by Staff Writers
Sydney (AFP) Jan 3, 2011
Australian troops and emergency workers were Monday battling huge flooding in the country's northeast that has left at least two people dead, with the worst devastation yet to come for some areas.

Up to 200,000 people are estimated to have been hit by the fast-flowing waters that have left 22 rural towns under water or substantially inundated by flooding stretching to an area the size of France and Germany combined.

The military was flying food and medical supplies into the coastal city of Rockhampton, population 75,000, on Monday as it braced to be entirely cut off by the waters, which are expected to flood hundreds more homes.

"Looks like Rockhampton's in the middle of an inland sea," Queensland Premier Anna Bligh said after flying over the area. "The amount of water coming down these river systems is nothing short of astonishing."

The airport to the regional hub was closed while roads to the south and west were blocked by floodwaters, prompting concerns among officials that the sizable population centre could run low on food.

"The affected area is greater than the size of New South Wales (state), with the worst still to come in communities like Rockhampton," Bligh said.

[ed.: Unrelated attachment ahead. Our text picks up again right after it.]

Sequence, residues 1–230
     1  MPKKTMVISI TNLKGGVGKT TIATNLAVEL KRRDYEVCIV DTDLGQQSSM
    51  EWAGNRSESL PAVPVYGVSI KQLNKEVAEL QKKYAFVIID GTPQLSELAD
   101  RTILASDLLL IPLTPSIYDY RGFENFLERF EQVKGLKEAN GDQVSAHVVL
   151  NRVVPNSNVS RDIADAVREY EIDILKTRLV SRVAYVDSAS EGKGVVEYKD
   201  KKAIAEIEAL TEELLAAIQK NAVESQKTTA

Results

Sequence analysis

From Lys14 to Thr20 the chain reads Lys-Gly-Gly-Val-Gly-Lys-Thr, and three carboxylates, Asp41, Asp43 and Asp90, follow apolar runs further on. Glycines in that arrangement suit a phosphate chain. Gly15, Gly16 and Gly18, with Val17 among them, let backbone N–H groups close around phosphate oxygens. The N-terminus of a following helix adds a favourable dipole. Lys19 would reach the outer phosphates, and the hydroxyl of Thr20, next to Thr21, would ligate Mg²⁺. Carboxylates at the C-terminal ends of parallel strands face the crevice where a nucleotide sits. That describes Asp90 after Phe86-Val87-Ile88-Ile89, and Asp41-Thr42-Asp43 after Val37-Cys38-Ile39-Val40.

"Supplying them with food, ensuring that we keep them safe during this flood is absolutely critical."

The floods prompted Prime Minister Julia Gillard to offer emergency funds to those affected, including farmers more used to battling crippling droughts, as well as small businesses.

"When the floodwaters recede, we are going to see a lot of damage but we will obviously be working with the state government to rebuild that essential community infrastructure," Gillard told reporters in Sydney.

"All in all, we know hundreds of millions of dollars are going to flow into Queensland."

Gillard, who toured some of the devastated areas on Friday, said for some communities these were "the biggest floods they have ever seen" as she warned people to beware of the risks of the fast-flowing waters.

Police confirmed the second death since the floods were declared a disaster, that of a man who abandoned his boat after it took on water.